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Self-compassion helps sexual minority young adults experiencing discrimination

Self-compassion significantly moderated the relationship between discrimination and depression for the full sample. Further examination revealed that self-compassion significantly moderated the relationship between discrimination and depression among sexual minority young adults, but not among heterosexual young adults.

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Self-compassion may be a protective coping resource against depression and anxiety symptoms for young adults experiencing discrimination.

This is according to a study – “Discrimination, Depression, and Anxiety Among Sexual Minority and Heterosexual Young Adults: The Role of Self-Compassion” by Emily C. Helminen, Jillian R. Scheer, Tory L. Ash, Amanda K. Haik, and Joshua C. Felver – that appeared in LGBT Health.

For this study, undergraduate college students (N = 251; 189 heterosexual and 62 sexual minority individuals) completed online self-report questionnaires related to discrimination experiences, depression, anxiety, and self-compassion. Two moderated moderation analyses were conducted to (1) identify whether self-compassion buffered the relationship between discrimination and depression and between discrimination and anxiety and (2) whether this buffering effect varied by sexual identity (i.e. heterosexual vs. sexual minority).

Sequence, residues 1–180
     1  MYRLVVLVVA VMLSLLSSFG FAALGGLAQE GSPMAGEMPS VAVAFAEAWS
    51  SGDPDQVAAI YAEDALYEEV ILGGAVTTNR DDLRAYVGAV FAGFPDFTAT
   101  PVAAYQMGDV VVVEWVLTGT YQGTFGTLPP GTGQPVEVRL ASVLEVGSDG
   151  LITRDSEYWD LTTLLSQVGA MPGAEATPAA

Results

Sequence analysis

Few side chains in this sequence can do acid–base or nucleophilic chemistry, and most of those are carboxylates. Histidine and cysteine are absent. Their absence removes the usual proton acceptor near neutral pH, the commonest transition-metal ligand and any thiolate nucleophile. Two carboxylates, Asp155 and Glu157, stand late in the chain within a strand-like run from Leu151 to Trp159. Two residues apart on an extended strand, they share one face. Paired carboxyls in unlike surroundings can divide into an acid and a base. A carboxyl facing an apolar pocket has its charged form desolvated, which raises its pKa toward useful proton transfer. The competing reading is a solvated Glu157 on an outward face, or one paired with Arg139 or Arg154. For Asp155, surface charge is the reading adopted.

The researchers found that self-compassion significantly moderated the relationship between discrimination and depression for the full sample. Further examination revealed that self-compassion significantly moderated the relationship between discrimination and depression among sexual minority young adults (SMYAs), but not among heterosexual young adults.

SMYAs with higher self-compassion reported fewer depression symptoms than SMYAs with lower self-compassion, even when reporting more frequent experiences of discrimination. Self-compassion did not moderate the relationship between discrimination and anxiety for the full sample, nor did this relationship vary by sexual identity.

“Self-compassion may be a particularly important coping resource to protect against depression symptoms among SMYAs experiencing discrimination,” stressed the researchers. “These findings provide an impetus for SMYA-tailored intervention and prevention efforts that incorporate cultivating self-compassion as a protective coping resource to buffer deleterious effects of discrimination.”

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